Cultivating forbearance with the kleshas as a game rather than a practice or training ~ 17th Karmapa

When I say, “they are masses of defects” I mean understanding that the kleshas or disturbing emotions are completely defective, completely rotten, or, I don’t want to say “bad,” but like bad, that there is no part of them that is worthwhile. An analogy for this and how it gives you the ability not to indulge the kleshas even in situations of adversity is: Someone asked you to do something that you had no interest whatsoever in doing. You would not have to think about it. “Do I want to do this or not?” You would immediately be able to clearly state to the person, “I do not wish to do this.” And that is the way you respond to the kleshas when you have correctly observed their defective nature that they are naturally faulty.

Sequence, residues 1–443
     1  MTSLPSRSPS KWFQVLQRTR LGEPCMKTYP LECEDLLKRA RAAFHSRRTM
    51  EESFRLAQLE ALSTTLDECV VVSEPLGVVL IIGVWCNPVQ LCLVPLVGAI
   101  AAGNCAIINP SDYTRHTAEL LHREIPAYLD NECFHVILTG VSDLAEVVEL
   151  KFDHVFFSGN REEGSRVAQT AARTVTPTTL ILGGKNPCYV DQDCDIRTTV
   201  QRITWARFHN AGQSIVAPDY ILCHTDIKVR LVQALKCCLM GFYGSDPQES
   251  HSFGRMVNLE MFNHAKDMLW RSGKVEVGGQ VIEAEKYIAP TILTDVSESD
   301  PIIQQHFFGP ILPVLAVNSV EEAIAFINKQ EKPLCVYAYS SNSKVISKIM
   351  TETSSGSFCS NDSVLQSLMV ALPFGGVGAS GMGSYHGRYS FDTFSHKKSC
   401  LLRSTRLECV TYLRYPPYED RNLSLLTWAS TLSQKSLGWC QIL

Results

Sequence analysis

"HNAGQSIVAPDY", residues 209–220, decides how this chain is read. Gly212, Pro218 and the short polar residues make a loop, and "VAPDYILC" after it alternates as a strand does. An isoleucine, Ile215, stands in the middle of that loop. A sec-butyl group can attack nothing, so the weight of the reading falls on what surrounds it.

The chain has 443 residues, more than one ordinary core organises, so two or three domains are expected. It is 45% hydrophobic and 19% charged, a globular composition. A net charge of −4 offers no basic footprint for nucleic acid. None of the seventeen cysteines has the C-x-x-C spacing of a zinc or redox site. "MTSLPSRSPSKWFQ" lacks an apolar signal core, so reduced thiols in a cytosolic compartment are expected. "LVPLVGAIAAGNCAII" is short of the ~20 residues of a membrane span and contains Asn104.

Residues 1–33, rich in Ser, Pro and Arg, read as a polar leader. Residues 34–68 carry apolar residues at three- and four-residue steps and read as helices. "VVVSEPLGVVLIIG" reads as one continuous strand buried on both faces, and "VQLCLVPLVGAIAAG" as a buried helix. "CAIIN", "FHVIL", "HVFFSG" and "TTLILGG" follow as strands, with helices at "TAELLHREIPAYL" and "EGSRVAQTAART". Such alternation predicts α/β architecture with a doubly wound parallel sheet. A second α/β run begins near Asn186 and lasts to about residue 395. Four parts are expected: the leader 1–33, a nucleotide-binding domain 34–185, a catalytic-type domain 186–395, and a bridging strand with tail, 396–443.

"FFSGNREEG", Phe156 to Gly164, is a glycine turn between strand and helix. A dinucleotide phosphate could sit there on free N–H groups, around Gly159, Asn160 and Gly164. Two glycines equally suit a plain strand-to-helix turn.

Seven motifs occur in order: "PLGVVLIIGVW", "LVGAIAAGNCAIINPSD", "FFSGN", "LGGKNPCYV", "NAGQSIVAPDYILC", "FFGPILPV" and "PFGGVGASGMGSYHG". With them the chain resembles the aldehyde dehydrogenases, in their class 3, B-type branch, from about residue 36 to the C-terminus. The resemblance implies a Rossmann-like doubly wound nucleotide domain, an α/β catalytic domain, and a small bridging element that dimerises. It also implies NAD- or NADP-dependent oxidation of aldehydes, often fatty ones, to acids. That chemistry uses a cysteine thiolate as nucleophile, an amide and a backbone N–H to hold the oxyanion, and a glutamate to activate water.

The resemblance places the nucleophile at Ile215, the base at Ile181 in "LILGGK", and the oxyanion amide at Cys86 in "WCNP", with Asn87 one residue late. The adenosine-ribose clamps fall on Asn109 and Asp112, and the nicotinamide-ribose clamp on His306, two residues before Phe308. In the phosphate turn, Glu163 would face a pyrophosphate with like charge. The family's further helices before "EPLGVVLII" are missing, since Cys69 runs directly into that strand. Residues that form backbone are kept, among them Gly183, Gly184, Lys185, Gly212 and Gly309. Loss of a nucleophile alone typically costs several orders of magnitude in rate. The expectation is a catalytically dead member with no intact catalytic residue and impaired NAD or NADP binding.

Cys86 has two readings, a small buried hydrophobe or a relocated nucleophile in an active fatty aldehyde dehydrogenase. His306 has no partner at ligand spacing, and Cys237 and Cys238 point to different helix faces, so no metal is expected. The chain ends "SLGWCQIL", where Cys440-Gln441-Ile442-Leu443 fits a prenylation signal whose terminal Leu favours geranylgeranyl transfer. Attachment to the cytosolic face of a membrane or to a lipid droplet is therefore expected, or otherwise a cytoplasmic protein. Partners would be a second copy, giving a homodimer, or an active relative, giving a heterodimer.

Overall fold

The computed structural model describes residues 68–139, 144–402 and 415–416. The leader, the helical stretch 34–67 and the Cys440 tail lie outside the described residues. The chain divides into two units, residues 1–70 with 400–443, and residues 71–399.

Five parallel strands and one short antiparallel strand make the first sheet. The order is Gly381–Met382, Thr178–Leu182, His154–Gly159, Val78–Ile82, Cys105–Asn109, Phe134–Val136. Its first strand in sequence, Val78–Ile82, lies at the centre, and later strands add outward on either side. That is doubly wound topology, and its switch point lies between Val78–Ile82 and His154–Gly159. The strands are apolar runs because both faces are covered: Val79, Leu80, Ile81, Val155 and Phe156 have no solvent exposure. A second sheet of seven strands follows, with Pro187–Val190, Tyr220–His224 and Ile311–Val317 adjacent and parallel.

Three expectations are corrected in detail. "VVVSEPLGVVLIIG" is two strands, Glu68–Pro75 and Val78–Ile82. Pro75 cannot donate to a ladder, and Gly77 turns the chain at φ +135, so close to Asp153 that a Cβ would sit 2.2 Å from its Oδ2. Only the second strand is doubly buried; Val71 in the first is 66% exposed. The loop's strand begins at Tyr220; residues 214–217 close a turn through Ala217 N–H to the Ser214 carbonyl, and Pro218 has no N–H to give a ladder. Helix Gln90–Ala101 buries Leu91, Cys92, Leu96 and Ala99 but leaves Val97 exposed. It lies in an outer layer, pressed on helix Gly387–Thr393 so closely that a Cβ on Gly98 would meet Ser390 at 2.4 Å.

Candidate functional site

Nevertheless this type of forbearance with the kleshas does not initially arise spontaneously within us. It is something we have to develop through conscious effort. It may be best to regard the effort and process of cultivating this forbearance as a game rather than a practice or training. If we are about to do something and someone tells us, “OK, now we are going to study,” the whole thing becomes a little depressing. We become depressed by the word “study.” But if someone were to say, “OK, the study is over now. Now we are going to play a game,” then the concept “game” cheers us up and makes us enthusiastic, even though the game may be just as much a matter of learning as the supposed study was. Therefore, in the same way I think it is best if we avoid the concept of practice here and think of the approach we take to developing forbearance with the kleshas as a kind of game. Then we will be able to enthusiastically put a great deal of effort into it, provided that we think of it as a game and not as a process of study, training, or practice.

17th Karmapa

from the book Compassion NOW!

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